EtG Alcohol Test

Alcohol Screening

What is EtG/Alcohol?

EtG is Ethyl Glucuronide, a metabolite of ethanol, which is an intoxicating ingredient found in different types of alcoholic beverages. It can be found in wine, liquor, and beer that was produced by the fermentation of sugars, starches, and yeast. It is used as a biomarker when testing for the use of ethanol, and to detect and record alcohol abstinence in situations or jobs that do not allow drinking. Examples of situations may include recovering alcohol patients, in alcohol treatment programs, in DUI and DWI programs, in schools, in the military, in professional monitoring programs (attorneys, airline pilots, health professionals), or in liver transplant patients.

Alcoholism and alcohol abuse have some differences. Individuals who suffer from alcohol abuse, but are not physically addicted like with alcoholism, may still experience similar signs and symptoms as individuals suffering from alcoholism. However, individuals that abuse alcohol generally do not experience the same need to drink or cravings that people with alcoholism experience. Alcohol abuse occurs when a person is not able to control their drinking when they do actually drink, but do not feel the constant need to drink. Alcoholism is much more severe when compared with alcohol abuse, but alcohol abuse can lead to alcoholism if untreated, and can come with many of the same health complications.

Effects of Alcohol

Continued consumption of alcohol in large amounts and binge drinking can cause many negative long-term effects. These potential health problems include: alcohol poisoning; liver disease; stroke, high blood pressure or other heart-related diseases; sexual problems; nerve damage; ulcers; gastritis; cancer of the throat and mouth; malnutrition; permanent brain damage; Vitamin B deficiency, which can lead to other disorders; increased family and relationship problems; increased loss of productivity and on the job injuries; intentional injuries like domestic violence and sexual assault; and unintentional injuries like drowning, falls, burns, and car accidents.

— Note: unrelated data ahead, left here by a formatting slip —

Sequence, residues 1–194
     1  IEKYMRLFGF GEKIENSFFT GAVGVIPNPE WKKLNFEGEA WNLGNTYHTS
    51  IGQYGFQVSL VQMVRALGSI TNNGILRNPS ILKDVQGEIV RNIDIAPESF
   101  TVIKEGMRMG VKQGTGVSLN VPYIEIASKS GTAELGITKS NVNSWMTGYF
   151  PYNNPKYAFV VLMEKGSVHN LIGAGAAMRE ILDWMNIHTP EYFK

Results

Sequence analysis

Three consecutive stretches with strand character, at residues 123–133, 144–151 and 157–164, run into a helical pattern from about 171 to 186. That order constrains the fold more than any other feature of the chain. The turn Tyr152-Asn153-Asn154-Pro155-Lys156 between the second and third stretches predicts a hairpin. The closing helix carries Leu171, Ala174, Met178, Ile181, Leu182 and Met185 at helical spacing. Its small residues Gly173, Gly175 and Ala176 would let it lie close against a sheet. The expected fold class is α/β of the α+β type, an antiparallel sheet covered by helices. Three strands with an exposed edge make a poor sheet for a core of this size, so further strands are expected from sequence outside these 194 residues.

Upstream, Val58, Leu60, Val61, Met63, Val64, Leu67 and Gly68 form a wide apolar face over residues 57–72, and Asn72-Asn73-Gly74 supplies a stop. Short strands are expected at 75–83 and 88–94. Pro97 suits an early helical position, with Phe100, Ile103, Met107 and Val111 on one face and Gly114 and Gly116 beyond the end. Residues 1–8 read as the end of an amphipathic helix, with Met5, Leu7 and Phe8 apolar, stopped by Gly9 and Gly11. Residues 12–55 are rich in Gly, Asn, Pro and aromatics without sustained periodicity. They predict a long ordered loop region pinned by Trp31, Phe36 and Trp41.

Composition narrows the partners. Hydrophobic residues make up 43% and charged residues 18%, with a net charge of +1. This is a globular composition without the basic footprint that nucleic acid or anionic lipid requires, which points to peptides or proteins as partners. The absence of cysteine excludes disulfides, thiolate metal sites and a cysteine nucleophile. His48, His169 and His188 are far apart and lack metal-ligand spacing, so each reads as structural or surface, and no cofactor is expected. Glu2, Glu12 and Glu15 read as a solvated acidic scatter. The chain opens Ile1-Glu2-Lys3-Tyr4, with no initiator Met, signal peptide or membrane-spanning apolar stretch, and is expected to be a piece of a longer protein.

Symptoms of Alcohol

There are various symptoms of alcohol use, depending on the individual, their physical condition, and the amount that is consumed in a period of time. Some of the more common symptoms may include slurred speech, impaired judgement, distorted vision and hearing, decreased coordination and perception, drowsiness, headaches, upset stomach, vomiting, diarrhea and anemia.

Some more serious symptoms of alcohol use that require immediate medical attention can include breathing difficulties, unconsciousness, or even a coma. It is also common for users to experience blackouts, which are memory lapses that occur during the time the person was under the influence of alcohol.

Uses of Alcohol

There are many different uses of alcohol, both recreational and practical. The main and most obvious use is drinking it. It is widely used among adults and is associated with relaxing and socializing. Some studies have even discovered some possible health benefits from consuming alcohol in moderation. However, there can be many negative health benefits from consuming alcohol as well, so the positive might not outweigh the negative.

Ethanol is also used for cleaning purposes. Although the mixtures are usually unsafe to drink and highly poisonous, it still makes a great cleaning product, like for cleaning paint brushes. Since ethanol is a safe alcohol, it is frequently used for dissolving chemicals that are not water soluble, such as vegetable essences (vanilla extract) and cosmetics. As ethanol is the least toxic of alcohols, it is ideal to use in perfumes and colognes in order to stop whatever animal and plant extracts are used from going off. The amount varies depending on what you are making with it.